windowSize = 1
    numOfKeywords = 20

    custom_kw_extractor = yake.KeywordExtractor(
	    lan=language,
	    n=max_ngram_size,
	    dedupLim=deduplication_thresold,
	    dedupFunc=deduplication_algo,
	    windowsSize=windowSize,
	    top=numOfKeywords,
	    features=None,
    )
    kws = custom_kw_extractor.extract_keywords(text)
    keywords = [x[0] for x in kws]  # kws is in tuple format, extract the text part

    return keywords

@app.route('/keywords', methods = ['POST', 'GET'])
def keywords():
    if request.method == "POST":
	    json_data = request.json
	    text = json_data["text"]
	    kws = ExtractKeywords(text)

	    # return a dictionary
	    response = {"keyowrds": kws}
	    return response

    elif request.method == "GET":
	    response = """
	    Extract 20 keywords from a long text. Try with curl command. <br/><br/><br/>

	    curl -X POST http://127.0.0.1:5001/keywords -H 'Content-Type: application/json' \
	    -d '{"text": "Logistic regression is a statistical model that in its basic form uses a logistic function to model a binary dependent variable, although many more complex extensions exist. In regression analysis, logistic regression[1] (or logit regression) is estimating the parameters of a logistic model (a form of binary regression). Mathematically, a binary logistic model has a dependent variable with two possible values, such as pass/fail which is represented by an indicator variable, where the two values are labeled 0 and 1. In the logistic model, the log-odds (the logarithm of the odds) for the value labeled 1 is a linear combination of one or more independent variables (predictors); the independent variables can each be a binary variable (two classes, coded by an indicator variable) or a continuous variable (any real value). The corresponding probability of the value labeled 1 can vary between 0 (certainly the value 0) and 1 (certainly the value 1), hence the labeling; the function that converts log-odds to probability is the logistic function, hence the name. The unit of measurement for the log-odds scale is called a logit, from logistic unit, hence the alternative names. Analogous models with a different sigmoid function instead of the logistic function can also be used, such as the probit model; the defining characteristic of the logistic model is that increasing one of the independent variables multiplicatively scales the odds of the given outcome at a constant rate, with each independent variable having its own parameter; for a binary dependent variable this generalizes the odds ratio."}'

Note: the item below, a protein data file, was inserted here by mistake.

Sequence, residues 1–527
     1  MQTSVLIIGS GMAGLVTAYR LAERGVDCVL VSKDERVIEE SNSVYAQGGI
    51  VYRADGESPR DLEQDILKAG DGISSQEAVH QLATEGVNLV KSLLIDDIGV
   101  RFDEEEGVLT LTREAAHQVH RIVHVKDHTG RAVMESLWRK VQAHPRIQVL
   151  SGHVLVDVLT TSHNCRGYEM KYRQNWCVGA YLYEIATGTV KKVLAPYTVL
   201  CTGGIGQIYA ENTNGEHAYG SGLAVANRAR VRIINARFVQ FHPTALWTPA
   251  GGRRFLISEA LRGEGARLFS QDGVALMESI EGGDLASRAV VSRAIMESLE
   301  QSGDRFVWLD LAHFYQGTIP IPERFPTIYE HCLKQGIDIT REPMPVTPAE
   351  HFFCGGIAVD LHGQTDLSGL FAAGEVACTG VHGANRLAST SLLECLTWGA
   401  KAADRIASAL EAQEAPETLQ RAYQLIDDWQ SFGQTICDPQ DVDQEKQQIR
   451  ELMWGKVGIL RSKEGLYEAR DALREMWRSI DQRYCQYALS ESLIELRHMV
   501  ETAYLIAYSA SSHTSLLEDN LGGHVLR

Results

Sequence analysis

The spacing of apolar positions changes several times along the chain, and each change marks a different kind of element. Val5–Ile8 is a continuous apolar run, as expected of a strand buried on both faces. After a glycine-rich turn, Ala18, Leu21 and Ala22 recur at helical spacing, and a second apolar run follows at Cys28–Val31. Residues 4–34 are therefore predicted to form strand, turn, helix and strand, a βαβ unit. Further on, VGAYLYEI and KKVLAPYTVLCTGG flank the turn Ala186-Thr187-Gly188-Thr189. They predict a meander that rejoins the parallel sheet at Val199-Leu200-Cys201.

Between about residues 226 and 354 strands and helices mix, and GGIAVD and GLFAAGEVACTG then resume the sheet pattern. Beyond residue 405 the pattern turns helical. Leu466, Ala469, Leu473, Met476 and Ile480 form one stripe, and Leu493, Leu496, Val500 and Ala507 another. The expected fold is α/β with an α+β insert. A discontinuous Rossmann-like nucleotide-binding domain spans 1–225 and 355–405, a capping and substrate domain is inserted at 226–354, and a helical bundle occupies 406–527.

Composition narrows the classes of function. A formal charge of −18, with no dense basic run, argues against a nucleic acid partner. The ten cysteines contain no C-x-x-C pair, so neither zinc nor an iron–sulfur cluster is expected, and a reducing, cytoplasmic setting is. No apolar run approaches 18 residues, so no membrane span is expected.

"""
	    return response

    else:
	    return "Not supported"

if __name__ == '__main__':
    app.run(host="0.0.0.0", port=5001, debug=True)
  • Host the server with port 5001 app.run(host="0.0.0.0", port=5001, debug=True)
python main.py

Reference - Flask

Testing with curl

Let’s use a paragraph from wikipedia of the Logistic Regression page as an input of our curl command and pass it as an argument text (Double quote removed) to the model.

curl -X POST http://127.0.0.1:5001/keywords -H 'Content-Type: application/json' \
  -d '{"text": "Logistic regression is a statistical model that in its basic form uses a logistic function to model a binary dependent variable, although many more complex extensions exist. In regression analysis, logistic regression[1] (or logit regression) is estimating the parameters of a logistic model (a form of binary regression). Mathematically, a binary logistic model has a dependent variable with two possible values, such as pass/fail which is represented by an indicator variable, where the two values are labeled 0 and 1. In the logistic model, the log-odds (the logarithm of the odds) for the value labeled 1 is a linear combination of one or more independent variables (predictors); the independent variables can each be a binary variable (two classes, coded by an indicator variable) or a continuous variable (any real value). The corresponding probability of the value labeled 1 can vary between 0 (certainly the value 0) and 1 (certainly the value 1), hence the labeling; the function that converts log-odds to probability is the logistic function, hence the name. The unit of measurement for the log-odds scale is called a logit, from logistic unit, hence the alternative names. Analogous models with a different sigmoid function instead of the logistic function can also be used, such as the probit model; the defining characteristic of the logistic model is that increasing one of the independent variables multiplicatively scales the odds of the given outcome at a constant rate, with each independent variable having its own parameter; for a binary dependent variable this generalizes the odds ratio."}'